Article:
Ukulele & Languages

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Ukulele Learning Posts

In fact, this post could just as well have been entitled ‘Some ideas on how to play the guitar with a ukulele player’. If you are playing the ukulele and your best friend is playing the guitar, there is a chance that you might tire after long hours spent arguing which of the two instruments is best. How about trying to combine both instruments to play together instead ?

My friend Gwilym and I would like to share our experience on playing the ukulele and the guitar together. Gwilym is playing the guitar and I the ukulele. For a few years now, we have been trying different ideas to play our instruments of choice together in a way that allows both of us to make progress. We have chosen to write this post and to make two videos to illustrate how the ukulele and the guitar can play different roles when played together.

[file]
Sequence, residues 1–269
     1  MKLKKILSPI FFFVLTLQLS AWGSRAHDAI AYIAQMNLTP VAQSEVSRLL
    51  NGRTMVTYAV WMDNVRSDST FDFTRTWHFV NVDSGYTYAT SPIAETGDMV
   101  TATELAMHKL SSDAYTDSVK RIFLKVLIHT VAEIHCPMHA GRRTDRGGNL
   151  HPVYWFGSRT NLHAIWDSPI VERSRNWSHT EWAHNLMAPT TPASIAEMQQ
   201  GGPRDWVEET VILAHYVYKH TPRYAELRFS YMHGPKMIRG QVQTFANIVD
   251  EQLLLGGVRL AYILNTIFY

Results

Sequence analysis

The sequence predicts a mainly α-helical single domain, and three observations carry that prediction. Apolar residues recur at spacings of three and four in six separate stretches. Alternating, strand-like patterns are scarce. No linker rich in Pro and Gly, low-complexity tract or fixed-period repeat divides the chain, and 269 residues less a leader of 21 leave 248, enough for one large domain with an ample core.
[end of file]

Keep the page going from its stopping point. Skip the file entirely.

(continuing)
Of course, in order to play together, we needed to have a common structure, which could be seen as the ‘spine’ of our tunes. This is where playing the blues is interesting : the ‘spine’ consists of 12 bars following a set pattern (see below). We have opted to play a minor blues in the key of (Am and Dm are among my favourite chords). We have used the same structure for both videos but each of us improvised his/her part according to his/her fancy.

Our 12 bar blues is very standard and uses the following chords in I-IV-V progression :
(Am is I, Dm is IV and Em/E7 are V)

Am / Dm / Am / Am   (The Dm here is a quick four)